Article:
The tides have been turning in East Austin for some time.
A few decades ago with gentrification.
Nearly a century ago when Austin leaders segregated the city.
Tides continue to turn as people who live in East Austin adapt — and ride the waves of change.
This adaptation is experienced by so many members of the community — old and new.
Thankfully, there exist local groups and organizations helping navigate these potentially … treacherous waters. Groups like Forklift Danceworks.
Now, explaining what Forklift Danceworks does is akin to describing that scene in Flashdance (sorry, millennials — Google it) when Jennifer Beals’ character, while performing a dance routine, pulls a chain extending from the roof, releasing a cascade of water down onto her person.
You kinda have to see it to fully grasp it. But, allow this writer to try:
Founded in 2001 by local artist and choreographer Allison Orr, Forklift Danceworks aims to elevate respect and understanding of “the common man” by presenting dance performances by sanitation workers, power linemen, warehouse employees, and the like — people in our communities who work very hard every day in fields we collectively sometimes take for granted.
The thing is, these performances are only visibly about body movement. The organization is successfully using choreography to address much larger issues.
If you’ve not heard of Forklift Danceworks, you may have heard of “Trash Dance,” an award-winning documentary featuring Austin sanitation workers and their trucks busting some wild moves. (Again, you have to see it.)
We are using collaborative artmaking to bring people together
For the last three years, the group has been making a splash in a whole new area — local swimming pools — in a spectacular show called “My Park, My Pool, My City,” a trilogy of performances aimed at educating our community about city pools and the people who use and maintain them.
But, it’s about so much more than that.
“We are using collaborative artmaking to bring people together,” says Forklift’s Associate Artistic Director Krissie Marty. “With past projects, we have seen that collaborating with communities to create a performance gets people talking and more connected to the places where they live and work, and to each other.”
The first two years of this three-year project saw performances in 2017 at Bartholomew Pool off 51st street east of I-35, and Dove Springs Pool last year in Southeast Austin. This year, Austinites can enjoy the final performances of the project at East Austin’s Givens Pool, which the City of Austin is soon set to renovate.
During the upcoming shows, audiences will not only be entertained by swimmers of all ages and walks of life, but they will also learn about the history of Givens Pool, and city employees will share what it takes to maintain the 60-year-old swimming pool.
“For a pool, that’s really old,” said Jonathan Tapscott of Austin’s Aquatics Division. “People think we just fill the pools with water and that’s it. That’s the furthest from the truth. The pools have to have the right chemicals, the right PH levels — there are valves, motors, and pumps. People don’t see that.”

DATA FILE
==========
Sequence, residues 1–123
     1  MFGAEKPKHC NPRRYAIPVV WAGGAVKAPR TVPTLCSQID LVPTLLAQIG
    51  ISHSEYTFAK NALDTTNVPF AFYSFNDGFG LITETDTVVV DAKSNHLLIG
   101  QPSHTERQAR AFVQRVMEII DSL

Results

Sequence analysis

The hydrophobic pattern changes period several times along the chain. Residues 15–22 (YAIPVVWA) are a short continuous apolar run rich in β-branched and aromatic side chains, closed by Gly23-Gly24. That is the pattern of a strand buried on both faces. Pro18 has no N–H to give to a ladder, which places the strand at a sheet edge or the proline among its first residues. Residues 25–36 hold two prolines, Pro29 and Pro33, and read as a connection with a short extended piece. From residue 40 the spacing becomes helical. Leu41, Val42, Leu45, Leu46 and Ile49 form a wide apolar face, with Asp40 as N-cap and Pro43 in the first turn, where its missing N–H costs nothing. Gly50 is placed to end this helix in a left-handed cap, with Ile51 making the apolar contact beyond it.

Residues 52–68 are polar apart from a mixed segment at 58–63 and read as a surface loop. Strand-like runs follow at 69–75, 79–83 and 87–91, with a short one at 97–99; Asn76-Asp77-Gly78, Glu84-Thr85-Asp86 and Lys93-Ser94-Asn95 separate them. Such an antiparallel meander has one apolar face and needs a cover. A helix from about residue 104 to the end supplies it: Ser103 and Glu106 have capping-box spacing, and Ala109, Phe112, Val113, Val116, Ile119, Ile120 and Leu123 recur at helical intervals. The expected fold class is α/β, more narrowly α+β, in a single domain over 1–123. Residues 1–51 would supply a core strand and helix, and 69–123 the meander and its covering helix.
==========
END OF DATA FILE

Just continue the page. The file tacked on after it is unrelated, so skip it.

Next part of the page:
it’s also a chance to showcase the beauty of East Austin
Grooving in Givens Pool with Tapscott and his fellow aquatics division crew during the performances you’ll see, and hopefully meet, people who have been helping shape the image of East Austin for decades. “This is necessary to showcase not only the need for the repair of the pools, but it’s also a chance to showcase the beauty of East Austin — what was, what is, and what can be” says lap swimmer and local business and communications consultant Arlene Youngblood. “Each showcased pool has its own uniqueness. You’ve gotta have some dance. You’ve gotta have storytelling about Dr. Everett Givens. You’re telling the beauty of the events that happened here.” Events like the Miss East Austin pageant.
“It’s a celebration of Givens Pool,” says Pearl Cox, Miss East Austin, 1976. “We want people to come out and celebrate with us.”
Not to be “out-swum” by their elders are some of our city’s younger residents who are earning and learning by participating as youth leaders. During the performance, it’s 14-year-old Anthony Green’s important and coveted role to help escort the Miss East Austins across the pool water as they sit, in pageantry, on their floats.
“I have to be very careful,” he says, “because if I make one wrong mistake, I’ll be very disappointed in myself.”
Forklift Danceworks not only has the support of an inspired and devoted community, but also financial support by a pack of corporate sponsors including the St. David’s Foundation and the Austin Parks Foundation. Former Austin City Council member Laura Morrison is on the group’s advisory committee and will take part in the performances.
“The heritage of the neighborhood and the community here,” she says, “is just such a wonderful thing to be able to celebrate.”
There are two final performances of Givens Swims scheduled for July 27th and 28th at Givens Park starting at 8:30pm each night. Visit Forklift Dancework’s website for more information.